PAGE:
Knowledge Palace 1
Knowledge Navigation & Exploration Nexus
Terminous, Meins, Quentin, Samoa & Arcata, 40,160 sq. m. (2007-2009)
Knowledge Palace (K-Palace) was the Beta of the Knowledge Places (K-Places) project which used the virtual world named Second Life to create a 3D interface to the Knowledge Resources hosted on the Cosma Web site. You can find out more about the project on the K-Places page.
As with the K-Gates Alpha sites, the core content of K-Palace was 3D hyperlinks called Knowledge Objects (K-Objects). Magic Windows were 3D links to Cosma, Magic Doors were 3D links to locations in Second Life, and other K-objects linked to Web sites besides Cosma. See more about them on the K-Objects page.
Hundreds of content specific versions of these K-Objects were generated and distributed across content specific “spaces” in K-Palace to create a thematic approach for exploring Cosma, SecondLife and other Web sites.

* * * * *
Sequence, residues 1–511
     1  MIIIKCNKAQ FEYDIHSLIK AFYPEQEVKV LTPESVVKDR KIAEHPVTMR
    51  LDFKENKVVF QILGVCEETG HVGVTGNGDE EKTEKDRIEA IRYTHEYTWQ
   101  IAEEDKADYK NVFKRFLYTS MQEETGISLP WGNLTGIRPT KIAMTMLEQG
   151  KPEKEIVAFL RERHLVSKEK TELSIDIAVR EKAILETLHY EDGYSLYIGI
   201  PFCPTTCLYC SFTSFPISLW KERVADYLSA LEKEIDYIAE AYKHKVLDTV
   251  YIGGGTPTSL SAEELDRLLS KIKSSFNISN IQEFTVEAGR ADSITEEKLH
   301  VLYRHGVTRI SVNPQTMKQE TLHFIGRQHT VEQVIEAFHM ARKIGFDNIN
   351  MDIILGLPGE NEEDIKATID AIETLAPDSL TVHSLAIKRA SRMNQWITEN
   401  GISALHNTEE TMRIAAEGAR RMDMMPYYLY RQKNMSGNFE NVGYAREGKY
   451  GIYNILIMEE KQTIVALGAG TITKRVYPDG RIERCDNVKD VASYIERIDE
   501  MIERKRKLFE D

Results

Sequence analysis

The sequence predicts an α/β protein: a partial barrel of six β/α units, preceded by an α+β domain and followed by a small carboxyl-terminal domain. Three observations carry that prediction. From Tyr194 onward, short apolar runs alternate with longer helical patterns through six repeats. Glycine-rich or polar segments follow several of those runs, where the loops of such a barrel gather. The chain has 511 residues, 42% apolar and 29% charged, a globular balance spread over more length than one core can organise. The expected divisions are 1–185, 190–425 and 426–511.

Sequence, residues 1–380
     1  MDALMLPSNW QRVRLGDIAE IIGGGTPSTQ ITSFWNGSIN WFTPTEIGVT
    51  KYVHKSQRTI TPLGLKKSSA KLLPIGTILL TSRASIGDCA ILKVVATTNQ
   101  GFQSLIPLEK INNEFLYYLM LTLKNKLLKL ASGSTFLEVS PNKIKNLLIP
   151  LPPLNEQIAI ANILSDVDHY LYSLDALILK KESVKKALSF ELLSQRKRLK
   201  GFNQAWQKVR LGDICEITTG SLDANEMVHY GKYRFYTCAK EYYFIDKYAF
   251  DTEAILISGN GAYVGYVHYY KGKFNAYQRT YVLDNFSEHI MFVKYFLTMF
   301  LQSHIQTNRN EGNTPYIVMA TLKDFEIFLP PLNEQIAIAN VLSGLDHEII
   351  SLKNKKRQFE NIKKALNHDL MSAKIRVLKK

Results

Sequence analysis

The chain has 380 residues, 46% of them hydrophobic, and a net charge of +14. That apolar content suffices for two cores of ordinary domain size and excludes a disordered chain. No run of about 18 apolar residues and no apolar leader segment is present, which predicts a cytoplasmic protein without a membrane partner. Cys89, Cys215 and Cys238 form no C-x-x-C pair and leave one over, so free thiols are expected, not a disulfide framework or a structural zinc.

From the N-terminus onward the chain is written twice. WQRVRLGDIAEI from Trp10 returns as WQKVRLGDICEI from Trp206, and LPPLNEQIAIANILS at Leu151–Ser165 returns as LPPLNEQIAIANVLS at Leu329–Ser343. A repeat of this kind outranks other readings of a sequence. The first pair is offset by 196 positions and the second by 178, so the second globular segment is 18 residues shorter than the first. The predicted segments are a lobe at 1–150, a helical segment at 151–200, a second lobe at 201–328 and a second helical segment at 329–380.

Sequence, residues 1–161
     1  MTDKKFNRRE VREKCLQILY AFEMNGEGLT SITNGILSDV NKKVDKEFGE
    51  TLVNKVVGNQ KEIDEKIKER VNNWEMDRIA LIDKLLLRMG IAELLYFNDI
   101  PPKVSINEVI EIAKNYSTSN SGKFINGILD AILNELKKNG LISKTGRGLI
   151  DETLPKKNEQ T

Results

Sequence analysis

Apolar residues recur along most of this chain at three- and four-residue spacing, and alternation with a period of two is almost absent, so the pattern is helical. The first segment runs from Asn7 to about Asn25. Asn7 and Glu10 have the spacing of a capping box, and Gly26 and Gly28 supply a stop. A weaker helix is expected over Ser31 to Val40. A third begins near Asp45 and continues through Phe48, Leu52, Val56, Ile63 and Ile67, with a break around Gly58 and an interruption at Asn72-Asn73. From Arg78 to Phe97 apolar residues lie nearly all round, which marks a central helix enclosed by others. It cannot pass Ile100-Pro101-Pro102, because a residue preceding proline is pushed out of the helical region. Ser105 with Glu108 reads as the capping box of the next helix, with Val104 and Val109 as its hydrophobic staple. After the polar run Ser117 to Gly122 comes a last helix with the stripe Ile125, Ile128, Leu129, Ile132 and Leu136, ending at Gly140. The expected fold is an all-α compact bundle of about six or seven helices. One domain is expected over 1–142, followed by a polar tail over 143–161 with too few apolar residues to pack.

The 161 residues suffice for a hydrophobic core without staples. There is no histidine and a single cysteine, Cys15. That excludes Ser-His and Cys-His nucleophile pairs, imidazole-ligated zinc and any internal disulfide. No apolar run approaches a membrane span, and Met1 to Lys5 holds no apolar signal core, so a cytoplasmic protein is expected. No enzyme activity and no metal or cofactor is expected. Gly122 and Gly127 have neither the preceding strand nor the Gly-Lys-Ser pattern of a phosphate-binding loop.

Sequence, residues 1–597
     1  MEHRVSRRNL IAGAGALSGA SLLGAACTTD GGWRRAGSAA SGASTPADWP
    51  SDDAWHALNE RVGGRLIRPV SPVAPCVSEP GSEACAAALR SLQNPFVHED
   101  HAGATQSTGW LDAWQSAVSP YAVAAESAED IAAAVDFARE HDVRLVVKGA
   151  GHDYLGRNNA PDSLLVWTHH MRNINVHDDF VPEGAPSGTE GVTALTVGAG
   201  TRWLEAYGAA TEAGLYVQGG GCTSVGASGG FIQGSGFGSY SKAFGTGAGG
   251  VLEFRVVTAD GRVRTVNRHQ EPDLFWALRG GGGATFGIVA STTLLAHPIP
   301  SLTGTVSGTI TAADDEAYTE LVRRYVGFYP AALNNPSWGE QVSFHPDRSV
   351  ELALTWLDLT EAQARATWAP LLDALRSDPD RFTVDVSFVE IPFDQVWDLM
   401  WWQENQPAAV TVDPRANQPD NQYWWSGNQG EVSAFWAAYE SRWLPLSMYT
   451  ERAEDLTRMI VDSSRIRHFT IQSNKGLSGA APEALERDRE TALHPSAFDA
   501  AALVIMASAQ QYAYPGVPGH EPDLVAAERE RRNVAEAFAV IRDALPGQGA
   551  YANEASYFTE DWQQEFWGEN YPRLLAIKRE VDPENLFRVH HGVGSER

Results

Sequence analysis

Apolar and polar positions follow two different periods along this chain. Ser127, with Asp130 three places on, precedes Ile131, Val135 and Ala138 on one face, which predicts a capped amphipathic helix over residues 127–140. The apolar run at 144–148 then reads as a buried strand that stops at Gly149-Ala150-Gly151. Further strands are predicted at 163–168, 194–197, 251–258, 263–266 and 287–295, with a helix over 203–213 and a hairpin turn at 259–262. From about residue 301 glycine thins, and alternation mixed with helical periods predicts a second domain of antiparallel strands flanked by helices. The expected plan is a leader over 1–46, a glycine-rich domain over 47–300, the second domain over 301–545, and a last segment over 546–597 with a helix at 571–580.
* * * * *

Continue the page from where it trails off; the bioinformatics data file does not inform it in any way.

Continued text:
There was also an extensive collection of “talented” objects such as vehicles, animals, games and rides that were distributed at the same time. They were used to signal the subject of spaces as well as add some fun and value for visitors. Many objects were free to copy and modify (freebies). Others were examples of the best things available for sale in Second Life and were positioned next to Magic Doors that linked to sites where they could be purchased.
The Beta phase of the K-Places project involved consolidating the hundreds of content specific objects and multitude of thematic spaces that were distributed throughout the K-Gates Alpha sites in Linden Village, and integrating them into a single contiguous K-Palace.
However, in reality, there were actually different versions of K-Palaces built over two completely different sites that spanned multiple regions each and evolved from 2007 to 2010 and 2011 to 2012. There are also two other versions of K-Palaces that still exist in Linden Village today. Here is a description of all of these sites.